As the maple syruping season winds down, Indian Creek Nature Center is sharing the first harvest of the year with the community this weekend. The daytime temperatures have been unseasonably warm, in the 60’s and 70’s, and the night time temperatures have also been unseasonably warm, in the high 30’s and mid 40’s. Without the nights getting below freezing, the trees have produced a modest 280 gallons of sap-only enough to make about 6 gallons of syrup.
If you only have one or two trees to tap or lack a good thermometer, consider drinking the sap or using it to make soups and stews. It has great flavor and is rich in minerals.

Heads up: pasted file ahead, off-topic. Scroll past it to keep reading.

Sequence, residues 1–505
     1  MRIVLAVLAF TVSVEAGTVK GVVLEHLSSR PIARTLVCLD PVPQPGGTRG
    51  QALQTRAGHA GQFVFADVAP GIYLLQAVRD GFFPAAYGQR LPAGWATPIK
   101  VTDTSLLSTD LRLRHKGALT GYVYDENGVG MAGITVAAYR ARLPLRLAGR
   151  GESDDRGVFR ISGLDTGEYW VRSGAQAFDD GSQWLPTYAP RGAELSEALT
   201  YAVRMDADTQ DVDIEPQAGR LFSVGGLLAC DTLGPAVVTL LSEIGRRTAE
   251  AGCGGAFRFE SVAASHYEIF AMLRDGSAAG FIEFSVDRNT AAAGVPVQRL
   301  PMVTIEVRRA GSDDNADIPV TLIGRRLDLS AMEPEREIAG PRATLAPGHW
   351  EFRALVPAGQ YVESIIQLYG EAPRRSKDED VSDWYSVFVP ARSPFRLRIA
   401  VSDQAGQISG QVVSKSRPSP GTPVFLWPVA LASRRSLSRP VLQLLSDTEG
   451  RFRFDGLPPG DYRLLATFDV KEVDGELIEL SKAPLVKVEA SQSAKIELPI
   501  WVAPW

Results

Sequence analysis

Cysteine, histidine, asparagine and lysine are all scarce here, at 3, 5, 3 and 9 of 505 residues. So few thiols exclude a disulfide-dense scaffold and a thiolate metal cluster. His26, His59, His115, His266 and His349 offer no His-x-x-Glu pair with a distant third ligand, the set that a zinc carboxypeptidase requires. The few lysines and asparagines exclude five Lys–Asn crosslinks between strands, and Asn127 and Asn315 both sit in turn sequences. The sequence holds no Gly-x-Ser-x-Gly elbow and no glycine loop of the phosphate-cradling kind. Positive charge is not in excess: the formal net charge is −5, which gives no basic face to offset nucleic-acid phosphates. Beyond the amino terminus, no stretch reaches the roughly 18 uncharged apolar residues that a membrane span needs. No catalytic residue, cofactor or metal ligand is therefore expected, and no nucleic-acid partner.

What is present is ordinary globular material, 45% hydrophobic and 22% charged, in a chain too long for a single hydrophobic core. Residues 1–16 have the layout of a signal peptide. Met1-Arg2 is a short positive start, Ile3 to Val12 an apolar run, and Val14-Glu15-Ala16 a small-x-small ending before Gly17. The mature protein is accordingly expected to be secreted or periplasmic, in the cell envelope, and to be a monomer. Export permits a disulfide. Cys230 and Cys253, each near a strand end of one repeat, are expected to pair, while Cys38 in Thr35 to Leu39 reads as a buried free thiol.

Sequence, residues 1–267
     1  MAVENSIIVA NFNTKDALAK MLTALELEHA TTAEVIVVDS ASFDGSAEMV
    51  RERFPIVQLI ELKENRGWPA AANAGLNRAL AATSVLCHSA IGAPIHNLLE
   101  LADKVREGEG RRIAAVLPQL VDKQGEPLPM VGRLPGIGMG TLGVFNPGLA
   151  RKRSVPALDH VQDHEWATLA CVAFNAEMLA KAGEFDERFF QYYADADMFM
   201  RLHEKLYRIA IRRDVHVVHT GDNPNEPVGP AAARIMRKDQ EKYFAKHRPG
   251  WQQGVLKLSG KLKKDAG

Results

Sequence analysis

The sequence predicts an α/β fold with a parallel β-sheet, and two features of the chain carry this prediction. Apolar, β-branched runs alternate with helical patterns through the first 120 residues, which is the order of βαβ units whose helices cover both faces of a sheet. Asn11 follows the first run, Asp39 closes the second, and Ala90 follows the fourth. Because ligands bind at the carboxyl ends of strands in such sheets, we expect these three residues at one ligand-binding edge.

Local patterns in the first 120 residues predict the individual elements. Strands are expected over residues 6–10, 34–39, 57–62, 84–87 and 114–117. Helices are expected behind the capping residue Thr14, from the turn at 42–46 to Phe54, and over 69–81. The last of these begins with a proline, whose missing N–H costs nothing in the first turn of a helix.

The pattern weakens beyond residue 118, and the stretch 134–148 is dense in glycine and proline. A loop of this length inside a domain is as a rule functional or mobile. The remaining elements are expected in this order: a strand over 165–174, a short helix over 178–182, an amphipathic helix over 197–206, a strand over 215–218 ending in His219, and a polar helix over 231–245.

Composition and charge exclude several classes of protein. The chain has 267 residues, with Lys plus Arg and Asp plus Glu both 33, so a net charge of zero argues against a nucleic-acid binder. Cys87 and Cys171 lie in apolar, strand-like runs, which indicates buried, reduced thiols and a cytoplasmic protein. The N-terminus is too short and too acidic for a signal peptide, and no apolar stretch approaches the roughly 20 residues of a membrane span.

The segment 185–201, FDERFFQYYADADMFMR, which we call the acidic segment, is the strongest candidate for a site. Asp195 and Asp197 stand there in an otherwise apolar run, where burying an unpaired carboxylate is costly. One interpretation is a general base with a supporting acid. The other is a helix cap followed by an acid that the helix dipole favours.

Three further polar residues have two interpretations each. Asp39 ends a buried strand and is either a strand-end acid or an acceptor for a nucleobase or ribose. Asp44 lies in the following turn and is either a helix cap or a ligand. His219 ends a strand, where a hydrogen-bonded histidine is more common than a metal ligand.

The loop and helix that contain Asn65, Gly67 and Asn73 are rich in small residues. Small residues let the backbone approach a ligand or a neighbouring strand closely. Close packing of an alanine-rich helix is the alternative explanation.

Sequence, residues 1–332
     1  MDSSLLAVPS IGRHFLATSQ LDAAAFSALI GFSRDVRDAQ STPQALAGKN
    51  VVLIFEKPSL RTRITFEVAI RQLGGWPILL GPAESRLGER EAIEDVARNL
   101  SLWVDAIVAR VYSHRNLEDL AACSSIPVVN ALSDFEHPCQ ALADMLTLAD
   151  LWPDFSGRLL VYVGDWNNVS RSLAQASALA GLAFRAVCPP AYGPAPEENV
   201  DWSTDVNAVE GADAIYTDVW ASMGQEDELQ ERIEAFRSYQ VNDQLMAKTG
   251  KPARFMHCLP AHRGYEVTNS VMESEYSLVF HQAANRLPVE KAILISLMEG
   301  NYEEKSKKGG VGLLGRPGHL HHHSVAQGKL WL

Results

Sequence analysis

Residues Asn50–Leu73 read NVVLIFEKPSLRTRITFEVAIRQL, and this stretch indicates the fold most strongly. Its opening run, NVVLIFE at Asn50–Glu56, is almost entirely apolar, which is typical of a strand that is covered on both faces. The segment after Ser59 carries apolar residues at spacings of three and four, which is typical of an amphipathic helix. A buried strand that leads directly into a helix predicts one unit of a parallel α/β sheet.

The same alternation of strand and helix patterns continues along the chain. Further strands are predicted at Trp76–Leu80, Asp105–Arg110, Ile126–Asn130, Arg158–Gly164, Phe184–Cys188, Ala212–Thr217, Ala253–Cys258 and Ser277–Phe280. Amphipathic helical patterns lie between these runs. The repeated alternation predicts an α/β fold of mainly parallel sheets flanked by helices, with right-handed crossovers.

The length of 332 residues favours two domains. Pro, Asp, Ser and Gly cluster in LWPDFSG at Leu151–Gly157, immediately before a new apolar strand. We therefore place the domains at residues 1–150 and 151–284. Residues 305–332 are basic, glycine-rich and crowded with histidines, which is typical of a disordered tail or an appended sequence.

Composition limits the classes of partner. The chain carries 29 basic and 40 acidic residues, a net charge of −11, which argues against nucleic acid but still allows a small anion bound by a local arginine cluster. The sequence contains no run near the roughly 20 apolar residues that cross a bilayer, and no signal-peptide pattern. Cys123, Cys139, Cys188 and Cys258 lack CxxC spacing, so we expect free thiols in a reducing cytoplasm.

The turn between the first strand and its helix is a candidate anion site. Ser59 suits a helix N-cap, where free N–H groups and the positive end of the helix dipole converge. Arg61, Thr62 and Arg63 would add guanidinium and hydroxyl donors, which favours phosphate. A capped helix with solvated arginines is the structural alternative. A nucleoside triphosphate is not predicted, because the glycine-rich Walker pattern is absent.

While the temperatures will likely get cold again, the silver maple trees are already budding out, signaling that the sugars (=good syrup) are changing to starches (=bad syrup). Many of the trees have simply stopped producing sap altogether.
Another sign that the seasons are shifting:
The syruping is ending, but the next wild edible to emerge-stinging nettle-is just beginning to poke through the softening ground.
As spring progresses, keep an eye on the maples. Their flowers in March attract bees, and their sap attracts other things all year long.
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